Circa Survive - On Letting Go (Cover Artwork)
Staff Pick

Circa Survive

On Letting Go (2007)

Equal Vision

Expectations were nothing less than monumental for Circa Survive and their sophomore LP, On Letting Go. Ex-members of This Day Forward would take yet another creative leap from their roaring metalcore heydays; Equal Vision would hold its collective breath at their volcanic buildup to the release; and finally, Anthony Green would finally be releasing a second full-length with a singular collective outfit.

Watching its reception unfold and taking in the album itself, the band has seemed to fortunately deliver on nearly all fronts. The one minor criticism they've been most often hit with is how they may have played it safe in nearly writing a mere sequel to Juturna, with many pointing out how producer Brian McTernan paints the landscape with the same sonic brush and the band fill the soundscapes with more bold choruses, warm/cool atmospheres and Green's comforting croon.

This seems a little unfair considering a couple factors, though. For starters, On Letting Go feels much less airy than its predecessor; the rhythm section is beefed up, giving the band a thicker, bolder feel. As well, a steady Cave In influence circa Jupiter/Antenna seems to mark a number of the tracks, channeling that band's shards of metallic, shimmering guitar work ("Mandala," the title track, "Carry Us Away") and trippy space rock vibe -- perhaps McTernan, who produced Jupiter, carried over a few of the traits he oversaw during its recording. Actually, some of the ringing guitars in "Kicking Your Crosses Drown" recalls Audioslave's "Be Yourself" -- seriously. Granted, much like Juturna, only careful, attentive listening reveals the subtleties of the melodies hidden beneath wailing guitars and cascading flourishes of instrumentation. But it feels like those are both somehow more immediate and esoteric than those on Juturna.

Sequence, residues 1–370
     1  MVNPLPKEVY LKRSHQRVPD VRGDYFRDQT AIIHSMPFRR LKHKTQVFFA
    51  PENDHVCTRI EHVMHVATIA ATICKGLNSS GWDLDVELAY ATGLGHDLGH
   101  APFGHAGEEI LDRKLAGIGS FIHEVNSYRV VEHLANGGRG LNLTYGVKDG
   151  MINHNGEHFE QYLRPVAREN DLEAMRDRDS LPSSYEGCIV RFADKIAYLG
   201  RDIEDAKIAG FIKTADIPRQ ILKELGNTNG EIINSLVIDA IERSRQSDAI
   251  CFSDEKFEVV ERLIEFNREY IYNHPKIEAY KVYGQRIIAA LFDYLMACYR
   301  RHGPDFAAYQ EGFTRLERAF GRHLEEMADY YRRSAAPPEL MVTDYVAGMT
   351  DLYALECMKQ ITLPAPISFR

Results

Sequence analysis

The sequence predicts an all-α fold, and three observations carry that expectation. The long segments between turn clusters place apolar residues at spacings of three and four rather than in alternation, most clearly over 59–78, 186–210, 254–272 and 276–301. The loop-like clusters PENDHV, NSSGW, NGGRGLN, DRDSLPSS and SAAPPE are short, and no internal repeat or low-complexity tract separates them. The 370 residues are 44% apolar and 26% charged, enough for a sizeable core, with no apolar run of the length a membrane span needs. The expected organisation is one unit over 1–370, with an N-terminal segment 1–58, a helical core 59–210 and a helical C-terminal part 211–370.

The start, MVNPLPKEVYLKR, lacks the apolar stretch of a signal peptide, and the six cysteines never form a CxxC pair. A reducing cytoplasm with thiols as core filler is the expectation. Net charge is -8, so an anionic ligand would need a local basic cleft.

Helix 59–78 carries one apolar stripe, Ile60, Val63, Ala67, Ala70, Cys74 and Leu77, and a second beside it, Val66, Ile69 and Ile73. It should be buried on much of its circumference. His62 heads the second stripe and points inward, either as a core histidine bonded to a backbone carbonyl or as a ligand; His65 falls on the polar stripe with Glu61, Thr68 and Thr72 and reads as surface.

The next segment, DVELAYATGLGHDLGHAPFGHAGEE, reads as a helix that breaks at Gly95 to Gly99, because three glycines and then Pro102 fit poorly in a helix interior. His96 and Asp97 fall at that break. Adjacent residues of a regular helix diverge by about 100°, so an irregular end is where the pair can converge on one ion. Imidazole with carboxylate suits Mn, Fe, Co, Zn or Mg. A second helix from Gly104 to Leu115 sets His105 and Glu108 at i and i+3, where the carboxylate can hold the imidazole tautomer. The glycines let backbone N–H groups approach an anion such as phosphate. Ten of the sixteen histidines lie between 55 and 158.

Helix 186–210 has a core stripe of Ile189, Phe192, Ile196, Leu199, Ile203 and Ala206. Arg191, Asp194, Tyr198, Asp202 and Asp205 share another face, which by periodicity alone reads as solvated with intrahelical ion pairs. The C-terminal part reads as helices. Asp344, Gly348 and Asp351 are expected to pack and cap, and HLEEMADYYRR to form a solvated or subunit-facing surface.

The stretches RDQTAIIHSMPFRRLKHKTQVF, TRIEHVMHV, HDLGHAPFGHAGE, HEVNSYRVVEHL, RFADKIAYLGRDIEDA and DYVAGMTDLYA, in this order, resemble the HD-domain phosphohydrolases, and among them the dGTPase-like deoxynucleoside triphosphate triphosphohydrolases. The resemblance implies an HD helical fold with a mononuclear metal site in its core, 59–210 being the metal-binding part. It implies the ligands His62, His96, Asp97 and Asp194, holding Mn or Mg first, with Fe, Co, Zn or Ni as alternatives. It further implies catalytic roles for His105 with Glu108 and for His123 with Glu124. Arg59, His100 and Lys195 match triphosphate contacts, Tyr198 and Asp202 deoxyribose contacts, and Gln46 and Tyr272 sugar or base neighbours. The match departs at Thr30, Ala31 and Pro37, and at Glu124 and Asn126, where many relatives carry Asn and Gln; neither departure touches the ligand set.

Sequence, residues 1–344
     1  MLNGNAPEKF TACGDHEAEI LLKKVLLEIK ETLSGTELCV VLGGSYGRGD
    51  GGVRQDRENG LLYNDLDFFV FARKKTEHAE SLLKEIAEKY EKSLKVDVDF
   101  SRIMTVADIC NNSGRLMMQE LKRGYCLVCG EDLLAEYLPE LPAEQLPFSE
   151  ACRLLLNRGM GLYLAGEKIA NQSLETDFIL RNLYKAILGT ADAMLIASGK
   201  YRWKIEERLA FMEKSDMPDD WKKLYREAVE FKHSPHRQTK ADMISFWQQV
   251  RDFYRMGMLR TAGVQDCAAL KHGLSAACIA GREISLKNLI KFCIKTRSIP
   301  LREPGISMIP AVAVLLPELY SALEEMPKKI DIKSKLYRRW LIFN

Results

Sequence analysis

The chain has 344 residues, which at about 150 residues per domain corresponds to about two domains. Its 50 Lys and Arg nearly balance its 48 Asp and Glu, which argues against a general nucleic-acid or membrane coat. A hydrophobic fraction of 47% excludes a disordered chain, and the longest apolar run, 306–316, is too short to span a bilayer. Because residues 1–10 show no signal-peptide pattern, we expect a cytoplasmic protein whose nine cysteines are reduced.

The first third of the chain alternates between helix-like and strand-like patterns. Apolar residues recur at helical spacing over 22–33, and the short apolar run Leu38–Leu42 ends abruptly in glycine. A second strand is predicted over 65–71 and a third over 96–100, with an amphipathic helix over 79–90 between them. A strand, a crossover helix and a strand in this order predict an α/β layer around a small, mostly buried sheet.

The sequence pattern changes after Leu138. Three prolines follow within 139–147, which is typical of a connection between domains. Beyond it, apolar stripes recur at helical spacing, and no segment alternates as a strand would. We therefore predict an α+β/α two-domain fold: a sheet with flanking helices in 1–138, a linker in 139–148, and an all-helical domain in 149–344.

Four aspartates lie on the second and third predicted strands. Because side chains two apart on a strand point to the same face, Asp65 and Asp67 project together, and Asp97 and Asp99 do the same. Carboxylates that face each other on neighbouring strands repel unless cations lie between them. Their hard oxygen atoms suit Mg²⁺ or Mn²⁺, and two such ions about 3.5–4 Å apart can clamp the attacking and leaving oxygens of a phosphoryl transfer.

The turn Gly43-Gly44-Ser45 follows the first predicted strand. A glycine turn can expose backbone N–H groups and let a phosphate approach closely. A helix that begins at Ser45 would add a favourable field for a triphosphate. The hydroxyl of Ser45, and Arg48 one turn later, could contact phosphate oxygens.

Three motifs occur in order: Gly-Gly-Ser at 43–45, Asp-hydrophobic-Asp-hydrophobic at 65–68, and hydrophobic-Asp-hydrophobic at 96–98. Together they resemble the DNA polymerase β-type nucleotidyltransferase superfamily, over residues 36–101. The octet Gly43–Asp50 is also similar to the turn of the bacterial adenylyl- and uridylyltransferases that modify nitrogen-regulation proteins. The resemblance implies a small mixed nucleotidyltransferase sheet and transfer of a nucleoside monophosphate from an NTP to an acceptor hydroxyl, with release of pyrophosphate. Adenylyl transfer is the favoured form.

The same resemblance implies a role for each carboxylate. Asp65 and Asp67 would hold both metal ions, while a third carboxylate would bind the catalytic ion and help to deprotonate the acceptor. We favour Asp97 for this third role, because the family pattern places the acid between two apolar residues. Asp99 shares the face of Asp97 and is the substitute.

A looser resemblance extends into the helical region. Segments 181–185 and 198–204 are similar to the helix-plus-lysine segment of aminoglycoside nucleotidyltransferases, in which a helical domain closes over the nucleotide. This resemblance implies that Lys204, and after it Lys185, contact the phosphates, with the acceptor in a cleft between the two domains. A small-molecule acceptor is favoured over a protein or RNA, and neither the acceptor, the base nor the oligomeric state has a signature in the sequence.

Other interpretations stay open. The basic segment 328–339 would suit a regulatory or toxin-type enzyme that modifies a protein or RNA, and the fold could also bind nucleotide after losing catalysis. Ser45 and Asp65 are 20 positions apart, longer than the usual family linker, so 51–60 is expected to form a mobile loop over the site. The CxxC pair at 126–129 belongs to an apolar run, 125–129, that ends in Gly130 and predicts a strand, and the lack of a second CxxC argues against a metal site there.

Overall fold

Anthony Green's sound ruminations remain cryptic ("If blood is thicker than water, then / you'll drown quicker than we intended"), world-weary ("Did you ever wish you were somebody else?") or downright bitter ("We laugh in the face of love because nobody's really there"). His articulate musings fulfill the depth promised by the sounds the rest of his band manages to craft. Green's moods range from pleading and desperate to cold and denying to lost and self-deprecating to confident and optimistic -- he leaves it all out on the table, and it doesn't hurt that his voice is as captivating as usual.

Throw in visually stunning and clever packaging and On Letting Go is a serious success. Circa Survive continues to grow into their sound, and as quiet as their progression may be so far, it's finding its followers delicately floating along every turn of the way.

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